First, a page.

Shin-chan - Feature Image

The New Shin-Chan Game Could Change Everything

For the longest time, I’ve been obsessed with the video game series Boku No Natsuyasumi (My Summer Vacation). It is a Japanese series of games centred around a young boy and his adventures in the Japanese countryside. It embodies everything I love about Japan, Studio Ghibli movies and escapism all in one go. Unfortunately, I’ve never played it. The games never saw a port outside of Japan. This means unless you are willing to play with a guide, it is practically inaccessible.

Attack Of The Friday Monsters

Fortunately, back in 2013, its developer, Millennium Kitchen, released Attack of the Friday Monsters! A Tokyo Tale. It was developed for the Guild02 compilation, a series of games published by Level 5 that acted as a way of showing off some of Japan’s most talented developers’ work.

Image Credit – Millennium Kitchen

While it was a rather short experience, Attack of the Friday Monsters! managed to capture the essence of the Boku No Natsuyasumi games. It offered players the chance to explore a beautiful, idealistic, recreation of the Japanese countryside, all while indulging in a healthy helping of anime nostalgia. Up until recently, it was the perfect – and only – way of experiencing anything remotely like the Boku No Natsuyasumi games.

Shin-Chan Heading To The West

However, back in 2021, a brand new game by the prolific Millennium Kitchen was announced. Titled Shin-chan: Me and the Professor on Summer Vacation – The Endless Seven-Day Journey – henceforth referred to as Shin-chan because I don’t want to break my fingers writing it out each and every time -, the game follows the adventures of the popular character Shinnosuke Nohara from the anime Crayon Shin-chan. It was initially exclusive to Japan, although the developer claimed he would do his best to bring it to the West.

Fortunately, the ended up being true. On the 28th of June, 2022, it was announced that the game would be coming to the West sometime in August. But why does any of this matter? Why should you care? Well, because games like this are a once-in-a-lifetime experience, and how the general public reacts to it could determine the future of Japanese games in the West.

Japanese-Exclusive Games

It’s no secret that Japanese games tend to get region-locked once they come out. Intriguing concepts, amazing stories and mind-blowing experiences are all hidden away from those who don’t speak or read Japanese. From the fourth entry in the Yokai-Watch series to the recently released Megaton Musashi, there are a lot of video games stuck in translation limbo with many western fans still holding on for a potential port.

Shin-Chan - Gameplay
Image Credit – Millennium Kitchen

But, for some strange reason, Shin-chan is getting a western port. It makes some sense as there was a moderately loud outcry for the game to be ported to the west when it was initially announced. However, things like this very rarely happen. Practically almost never. We’ve been teased a Yokai Watch 4 port for a considerable amount of time, but it is yet to materialise. Which is why this is so important. Shin-chan coming to the West is about the best news a fan of Japanese-exclusive games could get. It signals a possible shift in how Japanese studios treat their western audiences. Well, maybe.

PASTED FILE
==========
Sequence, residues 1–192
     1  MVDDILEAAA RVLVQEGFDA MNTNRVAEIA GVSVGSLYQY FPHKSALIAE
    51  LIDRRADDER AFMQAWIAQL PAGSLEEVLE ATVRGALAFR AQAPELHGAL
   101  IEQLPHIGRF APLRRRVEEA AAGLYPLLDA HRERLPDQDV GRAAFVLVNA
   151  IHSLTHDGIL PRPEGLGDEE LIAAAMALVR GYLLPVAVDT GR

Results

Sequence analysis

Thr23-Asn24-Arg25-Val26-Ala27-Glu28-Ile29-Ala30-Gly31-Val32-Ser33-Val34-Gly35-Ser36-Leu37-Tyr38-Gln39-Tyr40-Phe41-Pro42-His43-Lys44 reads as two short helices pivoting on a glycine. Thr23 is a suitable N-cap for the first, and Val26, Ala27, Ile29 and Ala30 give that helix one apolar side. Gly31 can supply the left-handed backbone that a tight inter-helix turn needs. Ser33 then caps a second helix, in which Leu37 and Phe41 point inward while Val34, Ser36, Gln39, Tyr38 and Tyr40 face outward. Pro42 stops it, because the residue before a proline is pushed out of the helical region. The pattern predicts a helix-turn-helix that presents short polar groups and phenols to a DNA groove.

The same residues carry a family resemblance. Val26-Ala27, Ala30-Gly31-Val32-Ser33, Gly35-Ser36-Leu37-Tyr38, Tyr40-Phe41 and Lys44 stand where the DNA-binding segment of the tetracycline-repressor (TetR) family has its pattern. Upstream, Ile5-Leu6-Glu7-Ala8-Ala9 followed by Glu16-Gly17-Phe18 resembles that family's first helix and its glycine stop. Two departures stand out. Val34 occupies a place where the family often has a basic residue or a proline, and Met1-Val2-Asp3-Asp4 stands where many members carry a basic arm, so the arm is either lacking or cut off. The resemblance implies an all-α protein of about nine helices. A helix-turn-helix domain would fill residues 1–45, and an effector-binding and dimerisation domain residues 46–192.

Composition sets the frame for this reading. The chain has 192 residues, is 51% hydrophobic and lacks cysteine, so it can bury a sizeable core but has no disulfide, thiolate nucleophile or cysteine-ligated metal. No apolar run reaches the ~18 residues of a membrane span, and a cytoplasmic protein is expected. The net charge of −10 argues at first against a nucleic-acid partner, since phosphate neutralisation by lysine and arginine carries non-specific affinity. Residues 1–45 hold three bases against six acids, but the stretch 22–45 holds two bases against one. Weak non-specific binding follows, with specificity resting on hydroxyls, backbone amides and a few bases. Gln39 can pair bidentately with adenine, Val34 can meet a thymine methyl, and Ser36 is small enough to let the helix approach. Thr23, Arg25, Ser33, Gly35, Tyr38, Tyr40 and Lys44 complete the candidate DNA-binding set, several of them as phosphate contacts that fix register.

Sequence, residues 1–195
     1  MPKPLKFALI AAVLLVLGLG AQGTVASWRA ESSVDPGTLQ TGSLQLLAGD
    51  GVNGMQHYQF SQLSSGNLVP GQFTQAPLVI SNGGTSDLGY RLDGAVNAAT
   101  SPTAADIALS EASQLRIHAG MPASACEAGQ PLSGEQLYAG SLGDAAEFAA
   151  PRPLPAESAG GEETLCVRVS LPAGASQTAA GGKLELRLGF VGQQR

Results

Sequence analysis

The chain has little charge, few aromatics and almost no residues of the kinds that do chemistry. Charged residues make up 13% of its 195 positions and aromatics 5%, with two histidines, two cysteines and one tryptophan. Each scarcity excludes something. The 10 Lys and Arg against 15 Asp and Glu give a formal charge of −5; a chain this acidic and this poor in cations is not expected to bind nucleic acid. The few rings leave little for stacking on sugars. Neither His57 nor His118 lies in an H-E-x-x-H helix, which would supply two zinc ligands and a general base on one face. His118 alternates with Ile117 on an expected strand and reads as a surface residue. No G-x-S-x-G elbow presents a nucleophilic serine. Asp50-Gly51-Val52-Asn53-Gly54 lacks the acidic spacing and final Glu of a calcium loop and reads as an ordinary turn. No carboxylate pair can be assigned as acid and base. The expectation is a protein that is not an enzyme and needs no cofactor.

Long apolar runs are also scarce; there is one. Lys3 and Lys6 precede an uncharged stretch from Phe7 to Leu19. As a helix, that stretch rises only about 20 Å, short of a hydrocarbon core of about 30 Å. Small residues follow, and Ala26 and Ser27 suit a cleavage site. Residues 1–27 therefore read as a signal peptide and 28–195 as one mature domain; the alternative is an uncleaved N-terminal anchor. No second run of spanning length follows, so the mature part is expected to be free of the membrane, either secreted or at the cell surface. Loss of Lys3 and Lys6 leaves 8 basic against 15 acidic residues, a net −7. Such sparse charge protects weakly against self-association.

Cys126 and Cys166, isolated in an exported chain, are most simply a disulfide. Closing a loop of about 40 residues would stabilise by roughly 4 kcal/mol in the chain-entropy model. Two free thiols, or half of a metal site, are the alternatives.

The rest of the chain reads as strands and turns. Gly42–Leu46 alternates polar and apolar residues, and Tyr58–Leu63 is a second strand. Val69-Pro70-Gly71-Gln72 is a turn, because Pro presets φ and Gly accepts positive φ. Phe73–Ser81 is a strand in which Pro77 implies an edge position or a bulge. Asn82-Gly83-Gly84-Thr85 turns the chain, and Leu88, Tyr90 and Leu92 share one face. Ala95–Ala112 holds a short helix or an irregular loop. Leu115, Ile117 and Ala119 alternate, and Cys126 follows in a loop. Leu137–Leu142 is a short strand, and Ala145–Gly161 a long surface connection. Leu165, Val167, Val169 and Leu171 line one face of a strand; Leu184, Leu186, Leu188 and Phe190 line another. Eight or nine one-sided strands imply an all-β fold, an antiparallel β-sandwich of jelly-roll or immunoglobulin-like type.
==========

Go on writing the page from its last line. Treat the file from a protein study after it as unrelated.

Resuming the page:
Localisation & Translation

It is possible that due to Shin-chan’s launch, more Japanese-exclusive games will come out in the west. However, for that to ever happen, Shin-chan will need to do well. Localisations are not cheap. Even if Shin-chan doesn’t have much dialogue, someone had to meticulously go through it all and translate it so that it makes sense for an English-speaking person. That doesn’t just mean literal translations either. Jokes, concepts, slang and so much more have to be localised, as a lot of it won’t make much sense if translated too literally.

Take for example the Dragon Quest games. A lot of the text is altered significantly from Japanese to English. Whereas the Japanese text will often be formal or simply regular dialogue, the English translation will lean more towards Old English, or even Scottish in some cases. This is a decision made by the localising team, perhaps in an effort to appeal more to an English-speaking audience or to simply differentiate it from the original Japanese.

Shin-chan - Localisation
Image Credit – Square Enix

Of course, I’m not expecting Shin-chan to be translated to such an extreme degree. However, the English dub of the original anime was altered to fit in more with its American audience. It is altogether possible that the translation of the game will be in keeping with the alterations made in the English dub. Regardless, localisations are not cheap, which means that Shin-chan will need to sell a lot of copies in the West.

Why Shin-Chan Is Important

If Shin-chan sells well and at the very least makes back its localisation costs, then it is possible that Japanese developers will see its success as a means to begin porting other games to the West. This is why it is such an important game. Its success could even mean that those inaccessible Boku No Natsuyasumi games may get a Western port. Honestly, I seriously hope so.

The Nintendo Switch is in dire need of more interesting content. It’s been bogged down by needless shovelware and typical triple-A trash for too long. So, if you’re in any way interested in Japan, Studio Ghibli or just fancy supporting Japanese games being ported to the West, then check out Shin-chan. It may just change the video game industry for the better.

Editor in Chief
  1. The latest news states that this is not only translated into English but also into German, Spanish and Portuguese. If this is a test, they test many different markets.

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